Blog 2 of 3: Sharing the SHAWN Project Experience in Nigeria

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Last November UNICEF’s West and Central Africa Regional Office, Supply Division and WASH Programme Division convened a regional sanitation industry consultation in Abuja, Nigeria. The consultation brought together 100+ representatives from industry, financial institutions, governments and development partners. This series of three blogs is based on the discussions held on market shaping – including the current thinking, how it can increase uptake of improved sanitation facilities amongst the poorest households, and how it is being considered at the country level. The series is being released in the run up to AfricaSan 5 where the African sanitation community will come together to assess progress against the Ngor commitments on Sanitation and Hygiene. It is hoped that these discussions can be continued there. A UNICEF/USAID convened side-session will be held on February 22nd on Market-based Rural Sanitation which you can sign up to here.

 

Promoting a Market-Based Sanitation: Sharing the SHAWN Project Experience in Nigeria.

In Nigeria, 47 million people practice open defecation  while only 35.9 percent of the population have access to improved sanitation1. The Nigerian Government has recently declared a state of emergency in the WASH sector and set up a National Technical Working Group to support implementation of the plan across the 36 states of the federation to end open defecation by 2025.

To strengthen Community Led Total Sanitation (CLTS) implementation, UNICEF launched a sanitation marketing and financing pilot project in 2016 under the DFID-funded Sanitation, Hygiene Water Supply in Nigeria (SHAWN) project with the aim to strengthen supply chains and connect entrepreneurs to communities and households. This approach has scaled to 60 Local Government Areas (LGAs) and has led to the creation of 600 Toilet Business Owners (TBOs), resulting in construction of 12,423 improved toilets.

How did it all begin?
In 2013/2014, a study was carried out titled ‘Users’ Experience Survey’ to ascertain the various types of latrines that people wanted, why they wanted such latrines and how much they were ready to pay for each. Following this research, UNICEF introduced the Sanitation Marketing (SanMark) and financing interventions in 2016 under the SHAWN project. SanMark entails strengthening the sanitation supply chains and connecting entrepreneurs to communities and households desiring improved toilets. The SanMark Operations Model is shown below.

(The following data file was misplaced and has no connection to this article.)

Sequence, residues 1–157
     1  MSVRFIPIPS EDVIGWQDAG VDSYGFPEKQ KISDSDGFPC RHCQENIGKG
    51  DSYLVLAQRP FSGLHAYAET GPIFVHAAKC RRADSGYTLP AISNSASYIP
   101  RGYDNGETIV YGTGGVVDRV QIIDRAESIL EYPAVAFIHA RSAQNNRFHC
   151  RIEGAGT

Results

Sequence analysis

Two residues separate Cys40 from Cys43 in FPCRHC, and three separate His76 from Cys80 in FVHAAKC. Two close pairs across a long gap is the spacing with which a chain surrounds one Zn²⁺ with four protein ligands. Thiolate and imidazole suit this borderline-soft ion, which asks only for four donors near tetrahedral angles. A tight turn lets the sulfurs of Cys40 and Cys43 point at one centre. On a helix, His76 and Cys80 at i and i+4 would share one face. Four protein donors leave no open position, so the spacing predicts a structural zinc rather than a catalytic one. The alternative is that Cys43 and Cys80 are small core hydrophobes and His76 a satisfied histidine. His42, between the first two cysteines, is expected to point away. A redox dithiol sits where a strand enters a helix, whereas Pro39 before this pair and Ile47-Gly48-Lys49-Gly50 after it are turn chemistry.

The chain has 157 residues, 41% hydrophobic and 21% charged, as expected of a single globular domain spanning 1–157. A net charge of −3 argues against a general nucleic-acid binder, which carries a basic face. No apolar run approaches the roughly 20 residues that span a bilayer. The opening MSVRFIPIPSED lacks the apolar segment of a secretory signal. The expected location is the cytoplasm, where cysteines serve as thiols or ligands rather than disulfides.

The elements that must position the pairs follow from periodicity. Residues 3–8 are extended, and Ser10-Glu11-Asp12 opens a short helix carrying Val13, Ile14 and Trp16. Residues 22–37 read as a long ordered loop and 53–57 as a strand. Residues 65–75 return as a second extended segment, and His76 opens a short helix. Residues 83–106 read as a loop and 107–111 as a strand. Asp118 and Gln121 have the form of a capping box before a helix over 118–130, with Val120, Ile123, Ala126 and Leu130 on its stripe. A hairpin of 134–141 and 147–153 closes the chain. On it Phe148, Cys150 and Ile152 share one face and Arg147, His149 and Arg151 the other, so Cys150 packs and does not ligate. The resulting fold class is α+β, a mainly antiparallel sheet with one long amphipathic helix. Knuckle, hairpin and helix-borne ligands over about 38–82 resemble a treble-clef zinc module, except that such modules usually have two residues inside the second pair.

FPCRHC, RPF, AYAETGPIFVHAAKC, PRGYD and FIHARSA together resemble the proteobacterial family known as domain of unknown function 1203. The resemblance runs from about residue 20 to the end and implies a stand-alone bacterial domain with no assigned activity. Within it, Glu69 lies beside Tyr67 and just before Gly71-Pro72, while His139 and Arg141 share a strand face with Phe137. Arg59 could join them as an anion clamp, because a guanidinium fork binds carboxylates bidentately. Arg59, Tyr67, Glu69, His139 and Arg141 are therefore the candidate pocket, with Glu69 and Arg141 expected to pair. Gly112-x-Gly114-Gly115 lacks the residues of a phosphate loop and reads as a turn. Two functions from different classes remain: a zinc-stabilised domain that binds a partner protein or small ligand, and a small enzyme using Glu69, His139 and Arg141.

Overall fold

What is the process?
The SHAWN supply side approach builds on both marketing as well as financing interventions for a multi-pronged market-based approach to sanitation. This Sanitation Marketing approach has resulted in creation of over 600 sanitation entrepreneurs known as Toilet Business Owners (TBOs) who are small-scale construction industry players identified and trained in enterprise skills and basic business development approaches.  These TBOs, as entrepreneurs, support households by offering relatively cheap prices through engagement of over 2,000 trained masons to construct latrines using the agreed designs. TBOs and masons are increasing in number as SanMark is rolled out in more localities thereby creating employment opportunities.

(Figure 2: Training of Masons)

This approach aims to strengthen the core sanitation market – enterprises, consumers and sanitation businesses. Essential to this approach is strengthening consumers’ ability to pay through various financing solutions. These include:

  1. Community Savings and Credit Groups: these groups allow householders to contribute money and give to members in turn to build latrines. Over ₦84 million ($234,000) has been granted as loans so far.
  2. Loans from Micro-Finance Institutions (MFIs): MFIs now give loans to householders to build latrines at 15 – 20 percent interest rates. A sum of ₦32 million ($90,000) has been given so far by all three MFIs operating in SHAWN states.
  3. State Sanitation Revolving Funds: Governments of three states have released funds of over $800,000 for use as revolving loans to households for latrine construction. These funds are managed by MFIs selected through competitive bidding using due diligence parameters.
  4. Trade by Barter: Households who do not have immediate access to cash give their farm produce or cattle to TBOs in exchange for latrines. This allows people from the lowest wealth quintile to access latrines without being indebted.

(Figure 4: Community Savings and Credit Group (Adashe) Meeting)

What have we achieved?
As a result of the SHAWN project the number of improved latrines has increased in communities and in two SHAWN states four LGAs have already been certified Open Defecation Free (ODF). There are growing partnerships between communities and key private sector players; and sanitation business is growing rapidly in SHAWN communities.